Pre-trial detention used as 'systematic punishment' in Egypt – lawyer

Wednesday 02-03-2016 10:18 PM

Taher Mokhtar, law student Ahmed Hassan 'Estakoza' and engineering student Hossam al-Din Hammad 'Sam' have been detained since Jan, 2016 - Photo from solidarity campaign on Facebook. Hashtag reads 'release us' in Arabic.

CAIRO, Mar 2 (Aswat Masriya) – The detention of Taher Mokhtar and two of his flatmates arrested from their home in central Cairo was renewed on Wednesday for the fifth time.

Mokhtar, as well as law student Ahmed Hassan who goes by Estakoza and engineering student Hossam al-Din Hammad also known as Sam had their preventive detention extended by 45 days, according to the Association for Freedom of Thought and Expression (AFTE).

Their defence lawyer Mokhtar Mounir told Aswat Masriya that over the past two years "an increasing number of people have faced prolonged pre-trial detention." Mounir said detention was being used more as a "means of punishment" rather than a precautionary measure as had been intended by the law.

The trio he is defending has been behind bars since Jan. 14 and are accused of possessing leaflets calling for the overthrow of the regime.

According to AFTE, the leaflets purportedly featured content criminalising medical negligence in prisons coupled with calls to reform the health sector and demands to overthrow the current government.

Homeland security claimed that their investigation indicated that the detained individuals were attempting to incite citizens to join protests on Jan. 25, which marked the fifth anniversary of the 2011 Uprising that toppled former president Hosni Mubarak.

Mounir told Aswat Masriya that he will appeal today's decision to renew their detention. He described the use of prolonged pre-trial detention "without justification" as an "ailment" of the Egyptian judicial system.

The defence team had previously filed requests to the state's top prosecutor and to the head of the Supreme Judicial Council (SJC) for their release, but have yet to receive a response.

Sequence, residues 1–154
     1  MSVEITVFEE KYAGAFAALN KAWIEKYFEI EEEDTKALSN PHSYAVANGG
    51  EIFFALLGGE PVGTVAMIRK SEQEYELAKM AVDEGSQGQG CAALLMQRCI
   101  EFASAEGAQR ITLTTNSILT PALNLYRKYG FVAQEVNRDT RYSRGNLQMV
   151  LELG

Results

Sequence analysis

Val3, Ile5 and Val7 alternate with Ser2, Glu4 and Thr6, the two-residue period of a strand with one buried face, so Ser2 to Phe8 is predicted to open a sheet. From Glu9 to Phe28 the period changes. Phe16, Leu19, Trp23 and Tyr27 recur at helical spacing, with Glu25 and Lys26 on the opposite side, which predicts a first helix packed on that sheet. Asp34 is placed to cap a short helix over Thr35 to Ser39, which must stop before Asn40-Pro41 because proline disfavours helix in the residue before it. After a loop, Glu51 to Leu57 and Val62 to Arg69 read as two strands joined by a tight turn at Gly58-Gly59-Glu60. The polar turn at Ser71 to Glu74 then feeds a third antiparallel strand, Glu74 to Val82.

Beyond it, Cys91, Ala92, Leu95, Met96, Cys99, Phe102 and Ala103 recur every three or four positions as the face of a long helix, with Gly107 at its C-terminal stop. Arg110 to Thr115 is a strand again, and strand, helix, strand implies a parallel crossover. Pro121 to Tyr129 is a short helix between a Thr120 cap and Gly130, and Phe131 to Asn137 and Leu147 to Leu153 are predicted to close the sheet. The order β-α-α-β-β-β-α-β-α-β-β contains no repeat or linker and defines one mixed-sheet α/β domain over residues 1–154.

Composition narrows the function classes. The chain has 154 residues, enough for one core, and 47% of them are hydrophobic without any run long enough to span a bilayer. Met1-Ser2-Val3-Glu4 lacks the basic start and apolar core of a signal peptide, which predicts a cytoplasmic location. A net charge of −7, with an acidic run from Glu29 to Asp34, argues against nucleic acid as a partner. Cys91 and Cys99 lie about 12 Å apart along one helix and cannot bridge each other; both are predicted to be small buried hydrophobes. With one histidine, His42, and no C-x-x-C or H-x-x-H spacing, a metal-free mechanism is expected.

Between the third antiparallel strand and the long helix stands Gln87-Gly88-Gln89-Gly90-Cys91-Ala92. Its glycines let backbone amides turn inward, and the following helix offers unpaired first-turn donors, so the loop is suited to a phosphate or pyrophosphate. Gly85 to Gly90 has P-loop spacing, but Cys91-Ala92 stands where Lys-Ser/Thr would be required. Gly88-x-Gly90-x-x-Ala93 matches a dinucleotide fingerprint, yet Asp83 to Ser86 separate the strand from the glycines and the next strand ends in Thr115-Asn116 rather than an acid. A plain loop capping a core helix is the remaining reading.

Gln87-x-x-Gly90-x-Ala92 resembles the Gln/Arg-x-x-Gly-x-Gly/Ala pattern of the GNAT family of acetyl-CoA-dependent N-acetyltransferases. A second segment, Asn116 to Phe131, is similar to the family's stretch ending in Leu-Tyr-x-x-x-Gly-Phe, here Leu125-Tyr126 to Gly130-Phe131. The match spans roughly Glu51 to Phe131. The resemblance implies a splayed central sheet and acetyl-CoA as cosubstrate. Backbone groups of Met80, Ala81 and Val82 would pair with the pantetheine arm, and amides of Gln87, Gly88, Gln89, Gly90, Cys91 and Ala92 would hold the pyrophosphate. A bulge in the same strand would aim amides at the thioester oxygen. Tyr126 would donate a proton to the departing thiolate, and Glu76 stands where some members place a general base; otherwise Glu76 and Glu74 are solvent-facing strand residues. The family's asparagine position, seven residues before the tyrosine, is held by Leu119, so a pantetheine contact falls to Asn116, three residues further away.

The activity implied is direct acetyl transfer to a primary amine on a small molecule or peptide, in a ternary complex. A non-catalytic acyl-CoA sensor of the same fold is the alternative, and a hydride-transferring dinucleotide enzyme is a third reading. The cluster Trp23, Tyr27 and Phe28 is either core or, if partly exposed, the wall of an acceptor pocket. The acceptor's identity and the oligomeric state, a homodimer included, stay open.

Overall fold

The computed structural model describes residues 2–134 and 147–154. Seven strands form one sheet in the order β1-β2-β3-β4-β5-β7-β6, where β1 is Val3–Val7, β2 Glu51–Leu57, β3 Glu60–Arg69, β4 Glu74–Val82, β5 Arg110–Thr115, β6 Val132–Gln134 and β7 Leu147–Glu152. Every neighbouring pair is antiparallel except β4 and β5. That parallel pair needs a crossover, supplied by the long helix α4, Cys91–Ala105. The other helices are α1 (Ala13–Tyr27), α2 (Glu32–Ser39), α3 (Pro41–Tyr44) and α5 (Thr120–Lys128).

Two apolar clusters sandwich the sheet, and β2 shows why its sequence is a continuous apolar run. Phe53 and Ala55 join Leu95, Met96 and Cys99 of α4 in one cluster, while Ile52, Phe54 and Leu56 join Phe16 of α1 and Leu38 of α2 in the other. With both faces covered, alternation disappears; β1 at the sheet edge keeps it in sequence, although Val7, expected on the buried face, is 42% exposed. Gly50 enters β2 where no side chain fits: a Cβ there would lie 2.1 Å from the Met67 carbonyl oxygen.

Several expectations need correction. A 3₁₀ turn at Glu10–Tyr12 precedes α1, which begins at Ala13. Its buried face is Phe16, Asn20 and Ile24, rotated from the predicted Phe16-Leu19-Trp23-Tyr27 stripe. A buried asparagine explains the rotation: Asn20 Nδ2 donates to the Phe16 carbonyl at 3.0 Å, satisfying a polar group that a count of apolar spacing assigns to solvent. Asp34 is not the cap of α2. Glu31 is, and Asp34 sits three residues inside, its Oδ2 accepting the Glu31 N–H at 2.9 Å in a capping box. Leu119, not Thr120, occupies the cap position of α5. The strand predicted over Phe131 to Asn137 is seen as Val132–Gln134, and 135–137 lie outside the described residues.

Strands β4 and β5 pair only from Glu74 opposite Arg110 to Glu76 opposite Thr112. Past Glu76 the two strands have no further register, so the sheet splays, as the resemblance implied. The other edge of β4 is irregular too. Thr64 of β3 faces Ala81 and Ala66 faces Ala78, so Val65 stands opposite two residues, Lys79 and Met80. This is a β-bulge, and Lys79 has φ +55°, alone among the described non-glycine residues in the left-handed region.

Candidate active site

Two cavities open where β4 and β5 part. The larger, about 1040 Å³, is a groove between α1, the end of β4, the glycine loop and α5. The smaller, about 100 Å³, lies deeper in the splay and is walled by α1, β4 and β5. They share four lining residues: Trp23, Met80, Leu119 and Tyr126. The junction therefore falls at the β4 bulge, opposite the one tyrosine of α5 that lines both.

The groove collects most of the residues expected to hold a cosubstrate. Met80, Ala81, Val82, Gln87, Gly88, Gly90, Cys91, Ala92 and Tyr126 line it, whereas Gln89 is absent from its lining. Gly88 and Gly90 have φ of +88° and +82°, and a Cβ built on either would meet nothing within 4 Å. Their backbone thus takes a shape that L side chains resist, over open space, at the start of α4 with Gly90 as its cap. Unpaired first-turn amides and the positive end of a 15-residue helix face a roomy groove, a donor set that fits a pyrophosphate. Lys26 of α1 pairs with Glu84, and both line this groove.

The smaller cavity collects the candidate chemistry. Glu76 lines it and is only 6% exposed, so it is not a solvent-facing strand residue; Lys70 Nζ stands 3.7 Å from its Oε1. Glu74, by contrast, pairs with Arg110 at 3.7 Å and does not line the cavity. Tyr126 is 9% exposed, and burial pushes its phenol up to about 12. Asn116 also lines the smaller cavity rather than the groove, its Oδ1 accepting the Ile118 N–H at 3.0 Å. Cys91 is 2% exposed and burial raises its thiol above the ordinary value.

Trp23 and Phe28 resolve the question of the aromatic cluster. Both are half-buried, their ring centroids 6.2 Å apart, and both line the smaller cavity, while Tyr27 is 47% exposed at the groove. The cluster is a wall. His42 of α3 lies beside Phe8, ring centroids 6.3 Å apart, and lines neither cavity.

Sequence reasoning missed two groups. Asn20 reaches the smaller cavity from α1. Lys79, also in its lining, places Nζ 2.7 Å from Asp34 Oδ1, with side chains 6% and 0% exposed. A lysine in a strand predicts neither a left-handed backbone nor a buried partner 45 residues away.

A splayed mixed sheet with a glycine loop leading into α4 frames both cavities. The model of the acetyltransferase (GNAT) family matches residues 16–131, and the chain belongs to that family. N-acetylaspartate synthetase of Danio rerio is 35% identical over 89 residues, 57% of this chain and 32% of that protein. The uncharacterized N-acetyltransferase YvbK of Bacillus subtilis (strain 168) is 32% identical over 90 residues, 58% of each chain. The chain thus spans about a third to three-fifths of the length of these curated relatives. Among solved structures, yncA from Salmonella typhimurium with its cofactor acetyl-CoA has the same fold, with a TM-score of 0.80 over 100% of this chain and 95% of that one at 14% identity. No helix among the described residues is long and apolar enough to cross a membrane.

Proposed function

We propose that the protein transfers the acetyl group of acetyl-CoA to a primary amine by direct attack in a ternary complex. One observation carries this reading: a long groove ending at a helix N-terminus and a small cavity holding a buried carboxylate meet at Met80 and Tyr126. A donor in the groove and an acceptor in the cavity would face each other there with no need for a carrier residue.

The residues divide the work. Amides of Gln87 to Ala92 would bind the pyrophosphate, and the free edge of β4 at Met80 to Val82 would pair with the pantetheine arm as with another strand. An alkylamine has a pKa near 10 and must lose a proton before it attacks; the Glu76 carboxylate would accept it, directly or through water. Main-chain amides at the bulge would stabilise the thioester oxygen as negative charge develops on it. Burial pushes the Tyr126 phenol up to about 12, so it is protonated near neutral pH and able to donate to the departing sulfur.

Mokhtar is a member of the freedoms committee of the Doctors' Syndicate. The assistant secretary-general of the syndicate, Rashwan Shaaban told Aswat Masriya that whenever a doctor is detained, the syndicate writes a letter to the interior minister and to the public prosecution calling for the fair and humane treatment of the detainee.

"The syndicate cannot demand the release of someone, all we can do is demand the rule of law and offer legal assistance when needed," Shaaban said.

Mokhtar had been entrusted by the syndicate to follow up on the health conditions of prisoners, the syndicate said in a statement on its website.

The syndicate requested a visit to Mokhtar last week, but the request was denied by prosecutors.

But Shaaban believes it unlikely that Mokhtar was arrested because of his work in the syndicate's freedoms committee.

Mokhtar was also a member of a campaign titled "Medical Neglect in Places of Detention is a Crime", which advocated for the right to health and the provision of medical care for Egyptian prisoners.

Several local rights group condemned the arrests of the three flatmates. In a joint statement on Jan. 17, over a dozen human rights groups including the Egyptian Initiative for Personal Rights and the Arab Network for Human Rights Information demanded their immediate release.

"Statements demanding a reform of health conditions and describing medical neglect in prisons as a crime are not a criminal breach," the rights groups said. They added that "Egyptian law describes medical neglect as a crime" and that the constitution in Article 18 "establishes health as a right for all citizens."

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